• Consolidation

If you have multiple federal education loans, you can consolidate them into a single Direct Consolidation Loan. This may simplify repayment if you are currently making separate loan payments to different loan holders, as you'll only have one monthly payment to make. There may be tradeoffs, however, so you'll want to learn about the advantages and possible disadvantages of consolidation before you consolidate. To learn more,  Direct Consolidation Loan website.(

Make Your Payments on Time

Your loan servicer will provide information about repayment and will notify you of the date loan repayment begins. It is very important that you make your full loan payment on time either monthly (which is usually when you'll pay) or according to your repayment schedule. If you don't, you could end up in default, which has serious consequences Remember student loans are real loans, just as real as car loans or mortgages. You MUST pay back your student loans.  


  • A deferment is a temporary suspension of loan payments for specific situations such as returning to school, unemployment, disability, or military service. You have a right to defer repayment for certain defined periods.
  • Forbearance is a temporary postponement or reduction of payments for a period of time, as you and the lender or holder of your loan may agree, because you are experiencing financial difficulty.
  • Graduated payment plans provide short-term relief through low, interest-only payments followed by standard principal and interest payments.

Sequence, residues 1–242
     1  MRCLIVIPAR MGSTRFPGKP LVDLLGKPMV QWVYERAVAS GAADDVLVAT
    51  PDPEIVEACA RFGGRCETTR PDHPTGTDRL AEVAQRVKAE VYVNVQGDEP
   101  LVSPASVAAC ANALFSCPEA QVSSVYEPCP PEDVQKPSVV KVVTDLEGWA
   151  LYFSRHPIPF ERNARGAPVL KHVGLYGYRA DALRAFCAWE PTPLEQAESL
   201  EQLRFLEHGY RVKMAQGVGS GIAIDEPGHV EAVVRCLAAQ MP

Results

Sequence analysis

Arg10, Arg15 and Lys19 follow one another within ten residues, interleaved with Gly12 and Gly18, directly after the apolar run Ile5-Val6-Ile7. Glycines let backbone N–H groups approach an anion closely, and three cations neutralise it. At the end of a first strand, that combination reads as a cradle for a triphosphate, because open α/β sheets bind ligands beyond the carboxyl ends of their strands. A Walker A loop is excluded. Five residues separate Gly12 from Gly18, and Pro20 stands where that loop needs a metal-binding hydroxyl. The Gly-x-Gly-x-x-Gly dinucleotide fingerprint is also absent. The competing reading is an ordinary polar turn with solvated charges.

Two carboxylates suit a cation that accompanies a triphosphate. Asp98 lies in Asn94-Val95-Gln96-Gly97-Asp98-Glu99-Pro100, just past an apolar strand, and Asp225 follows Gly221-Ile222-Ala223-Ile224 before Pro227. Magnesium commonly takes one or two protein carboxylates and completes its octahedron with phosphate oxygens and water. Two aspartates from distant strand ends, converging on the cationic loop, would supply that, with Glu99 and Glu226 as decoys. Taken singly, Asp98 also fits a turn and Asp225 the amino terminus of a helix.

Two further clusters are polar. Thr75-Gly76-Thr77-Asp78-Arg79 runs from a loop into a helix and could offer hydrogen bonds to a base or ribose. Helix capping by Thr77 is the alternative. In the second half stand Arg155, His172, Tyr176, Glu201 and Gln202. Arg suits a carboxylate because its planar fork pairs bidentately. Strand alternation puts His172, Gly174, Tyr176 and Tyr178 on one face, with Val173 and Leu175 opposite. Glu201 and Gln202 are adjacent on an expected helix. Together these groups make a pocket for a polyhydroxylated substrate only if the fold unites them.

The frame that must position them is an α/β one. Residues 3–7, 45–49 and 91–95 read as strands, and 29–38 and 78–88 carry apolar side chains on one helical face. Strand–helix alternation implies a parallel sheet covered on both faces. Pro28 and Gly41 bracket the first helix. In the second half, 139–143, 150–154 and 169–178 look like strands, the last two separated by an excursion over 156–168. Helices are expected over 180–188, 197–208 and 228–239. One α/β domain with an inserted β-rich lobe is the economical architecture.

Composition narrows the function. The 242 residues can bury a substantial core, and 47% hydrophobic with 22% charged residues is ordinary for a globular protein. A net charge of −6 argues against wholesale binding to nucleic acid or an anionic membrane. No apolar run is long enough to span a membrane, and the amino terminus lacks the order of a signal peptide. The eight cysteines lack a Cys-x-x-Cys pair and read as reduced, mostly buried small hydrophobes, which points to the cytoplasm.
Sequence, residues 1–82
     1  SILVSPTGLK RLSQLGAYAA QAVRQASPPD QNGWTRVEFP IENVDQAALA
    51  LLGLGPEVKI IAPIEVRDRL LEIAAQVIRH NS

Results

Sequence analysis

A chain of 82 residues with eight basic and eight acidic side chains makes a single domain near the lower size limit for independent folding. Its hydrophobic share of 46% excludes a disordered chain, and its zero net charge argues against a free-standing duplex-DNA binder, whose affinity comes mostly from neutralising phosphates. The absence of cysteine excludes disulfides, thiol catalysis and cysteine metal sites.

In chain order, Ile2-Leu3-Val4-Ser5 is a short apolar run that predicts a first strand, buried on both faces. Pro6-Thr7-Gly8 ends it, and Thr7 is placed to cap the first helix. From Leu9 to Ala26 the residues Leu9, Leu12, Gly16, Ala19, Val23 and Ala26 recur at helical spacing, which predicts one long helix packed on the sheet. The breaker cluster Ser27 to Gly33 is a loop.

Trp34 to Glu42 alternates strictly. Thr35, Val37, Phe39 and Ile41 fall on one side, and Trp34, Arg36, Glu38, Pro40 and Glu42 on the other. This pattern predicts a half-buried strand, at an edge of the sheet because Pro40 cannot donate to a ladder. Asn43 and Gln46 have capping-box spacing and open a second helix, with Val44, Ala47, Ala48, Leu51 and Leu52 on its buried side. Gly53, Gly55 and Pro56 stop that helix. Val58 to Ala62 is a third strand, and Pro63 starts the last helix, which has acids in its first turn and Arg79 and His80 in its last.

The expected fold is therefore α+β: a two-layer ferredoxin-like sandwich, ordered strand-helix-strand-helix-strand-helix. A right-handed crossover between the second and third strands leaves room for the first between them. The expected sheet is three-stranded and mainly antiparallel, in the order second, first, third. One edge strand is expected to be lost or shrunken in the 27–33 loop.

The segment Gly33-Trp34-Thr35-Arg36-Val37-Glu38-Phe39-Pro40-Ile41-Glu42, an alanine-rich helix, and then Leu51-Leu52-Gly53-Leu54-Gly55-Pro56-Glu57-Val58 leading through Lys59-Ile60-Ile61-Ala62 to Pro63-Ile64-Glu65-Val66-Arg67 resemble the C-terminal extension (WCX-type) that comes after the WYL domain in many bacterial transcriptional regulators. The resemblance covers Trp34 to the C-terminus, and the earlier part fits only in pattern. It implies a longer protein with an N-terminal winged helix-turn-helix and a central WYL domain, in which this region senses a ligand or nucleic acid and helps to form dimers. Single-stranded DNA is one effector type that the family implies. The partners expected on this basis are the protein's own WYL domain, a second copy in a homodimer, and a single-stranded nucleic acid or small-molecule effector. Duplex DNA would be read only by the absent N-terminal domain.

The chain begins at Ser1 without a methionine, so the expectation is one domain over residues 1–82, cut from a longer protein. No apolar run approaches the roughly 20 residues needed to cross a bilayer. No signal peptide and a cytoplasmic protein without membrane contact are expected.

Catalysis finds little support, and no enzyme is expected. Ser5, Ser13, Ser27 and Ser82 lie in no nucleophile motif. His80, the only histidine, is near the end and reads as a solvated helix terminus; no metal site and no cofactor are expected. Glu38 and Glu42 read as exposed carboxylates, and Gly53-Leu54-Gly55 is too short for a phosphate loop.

• Income-sensitive or income-contingent payment plans offer payment relief with payments that are a specific percentage of your gross monthly income.

*many of these options are servicer-specific.  If you do not know who services your loan, visit Some of the most commonly used servicers are listed below.

Consequences of Defaulting on a Federal Loan

  • You could lose your Federal Income Tax returns.  They can be automatically taken to repay your federal student loan.
  • You wages or salary could be taken, up to 10% of each paycheck to pay your loans.  This is called garnishment of wages.
  • Your credit will be damaged and reported to all three national credit reporting bureaus.  This could ruin your credit and make it difficult to finance a new car, home, etc.
  • You could be sued by the guarantor of the student loan or by the federal government.
  • You could pay additional costs such as:  late fees, attorney fees and court costs.
  • You could lose your eligibility to further federal student financial aid such as grants and loans


Servicer List

AES 1-800-233-0557
Affiliated Computer Services (ACS) 1-800-835-4611
Chase Student Loans        1-800-489-5005
Citibank Student Loan Corporation 1-800-967-2400
FedLoanServicing 1-800-699-2908
Great Lakes 1-800-236-4300
MOHELA 1-888-866-4352
Nelnet 1-888-486-4722
Sallie Mae Loan Servicing Centers 1-888-2SALLIE
Wachovia Education Finance 1-877-689-0763
Wells Fargo Education Financial Services 1-800-658-3567
William D. Ford Direct Loan Program 1-800-848-0979